Sat, Jan
16 New Articles

Digging deep into Mayo’s traditional soundscape

Going Out

GIVING VOICE Emer Mayock (pictured) says the project has striven to ‘expose the musical voice of the county

County’s traditional music heritage preserved and celebrated in major project

The traditional music heritage of County Mayo has been at the centre of an exciting three-month artist residency at the Linenhall Arts Centre in Castlebar this winter. Entitled ‘The Music of Mayo’ and led by traditional musician and composer Emer Mayock, the residency has delved into the traditional music in Mayo with a mind to preserving and celebrating it. Focusing in particular on the compositions of Mayo musicians and singers from the past to the present day, it also looks to the future by including the young musicians who will carry the county’s homegrown traditional sound into the future.
Now nearing an end, the residency will soon result in a unique digital resource of notated songs and tunes, a CD recording, and a concert featuring Mayo’s leading lights in traditional music at the end of the month at The Linenhall.
“The project strives to expose the musical voice of the county,” explains Mayock, “and to present traditional music repertoire from Mayo through interaction with musicians and singers from the Iorras and Achill Gaeltachts to the musicians of east, west and south Mayo.”
A respected multi-instrumentalist, Mayock plays the flute, whistle, fiddle and uilleann pipes. She has released two solo CDs to date, ‘Merry Bits of Timber’ and ‘Playground’, and she has performed nationally and internationally with acclaimed traditional musicians, including Dónal Lunny, Paddy Glackin, Mícheál Ó Domhnaill and Sligo musician Peter Horan.
She has also collaborated with musicians outside the traditional field, including Breton flautist Jean-Michel Veillon, the National Chamber Choir, the Italian Baroque ensemble Il Giardino Armonico, and jazz musicians Francesco Turrisi and Nick Roth, as well as cellist Kate Ellis. Her exploration of the repertoire of the Goodman Manuscripts in collaboration with uilleann piper Mick O’Brien and fiddle player Aoife Ní Bhriain won a TG4 Gradam Ceoil award.
Supported by the Creative Ireland Programme, the residency has been unearthing and preserving elements of indigenous Mayo music. It has combined desk and field research, as well as music sharing, composing, recording and workshops with young musicians.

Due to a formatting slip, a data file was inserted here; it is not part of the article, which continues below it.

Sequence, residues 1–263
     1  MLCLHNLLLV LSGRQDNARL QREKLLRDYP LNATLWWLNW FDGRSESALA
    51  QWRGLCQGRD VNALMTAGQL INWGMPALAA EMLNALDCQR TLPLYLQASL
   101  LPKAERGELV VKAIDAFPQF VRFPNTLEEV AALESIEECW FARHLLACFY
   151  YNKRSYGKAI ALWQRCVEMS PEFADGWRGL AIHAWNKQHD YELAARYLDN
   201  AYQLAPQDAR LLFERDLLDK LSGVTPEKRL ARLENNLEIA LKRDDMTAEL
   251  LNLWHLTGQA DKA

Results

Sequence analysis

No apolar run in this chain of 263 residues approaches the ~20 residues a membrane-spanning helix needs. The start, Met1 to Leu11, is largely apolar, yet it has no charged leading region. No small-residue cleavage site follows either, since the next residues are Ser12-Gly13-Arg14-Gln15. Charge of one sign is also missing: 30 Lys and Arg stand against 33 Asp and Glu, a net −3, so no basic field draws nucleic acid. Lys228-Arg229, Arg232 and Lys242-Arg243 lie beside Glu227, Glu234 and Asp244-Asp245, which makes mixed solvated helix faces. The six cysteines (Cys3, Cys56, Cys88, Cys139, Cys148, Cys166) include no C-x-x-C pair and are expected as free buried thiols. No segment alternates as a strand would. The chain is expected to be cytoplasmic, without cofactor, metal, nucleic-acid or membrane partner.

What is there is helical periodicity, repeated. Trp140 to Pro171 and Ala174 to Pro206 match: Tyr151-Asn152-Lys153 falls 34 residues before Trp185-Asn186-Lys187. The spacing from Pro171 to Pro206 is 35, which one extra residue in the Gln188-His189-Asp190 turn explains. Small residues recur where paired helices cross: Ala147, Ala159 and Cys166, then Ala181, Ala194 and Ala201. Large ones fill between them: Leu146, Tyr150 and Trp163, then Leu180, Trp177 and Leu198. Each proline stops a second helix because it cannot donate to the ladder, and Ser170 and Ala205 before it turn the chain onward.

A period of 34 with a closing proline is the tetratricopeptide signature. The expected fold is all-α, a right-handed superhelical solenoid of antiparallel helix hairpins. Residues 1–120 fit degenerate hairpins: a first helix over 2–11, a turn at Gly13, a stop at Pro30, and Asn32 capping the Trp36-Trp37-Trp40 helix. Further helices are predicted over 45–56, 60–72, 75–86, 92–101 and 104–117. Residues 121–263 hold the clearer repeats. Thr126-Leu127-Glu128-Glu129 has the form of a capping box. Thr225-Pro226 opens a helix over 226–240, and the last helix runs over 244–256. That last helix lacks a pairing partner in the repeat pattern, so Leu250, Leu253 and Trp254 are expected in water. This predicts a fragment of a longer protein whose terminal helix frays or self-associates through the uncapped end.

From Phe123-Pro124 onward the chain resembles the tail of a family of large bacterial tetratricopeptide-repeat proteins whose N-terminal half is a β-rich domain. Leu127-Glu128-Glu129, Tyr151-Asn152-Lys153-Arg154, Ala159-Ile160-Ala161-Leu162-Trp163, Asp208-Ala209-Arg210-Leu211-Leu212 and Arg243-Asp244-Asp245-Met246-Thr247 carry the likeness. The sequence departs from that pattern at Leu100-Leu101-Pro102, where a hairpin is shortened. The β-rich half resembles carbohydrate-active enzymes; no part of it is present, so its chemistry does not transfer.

Mayock, who hails from Castlebar, has captured unique recordings featuring musicians of all ages from the county, and these will be available in CD and online digital formats to be shared with musicians, music teachers, students and traditional music enthusiasts. The Mayo music in the recordings can be traced back to the earliest music collected here in manuscript form in the late 18th and early 19th centuries, right up to the present day.
To mark the end of the residency and to celebrate the valuable archive of the compositions and repertoire of Mayo natives that it has created, a very special concert and CD launch will take place at The Linenhall Arts Centre, Castlebar, on Wednesday, January 31.
The concert will feature performances from the musicians and singers who so generously contributed their knowledge, support and repertoire to the project, including  Gráinne Hambly (harp), Julie Langan (fiddle), Joe Byrne (flute), Tom Doherty (accordion) and Emer Mayock (flute), alongside guests and younger musicians.

For information on The Music of Mayo musical heritage residency or to book tickets to the concert (€10 each), call The Linenhall on 094 9023733 or visit www.thelinenhall.com. For more on the work of Emer Mayock, visit www.emermayock.com. For more on Creative Ireland, the Government’s five-year creativity initiative, visit www.creative.ireland.ie.

Digital Edition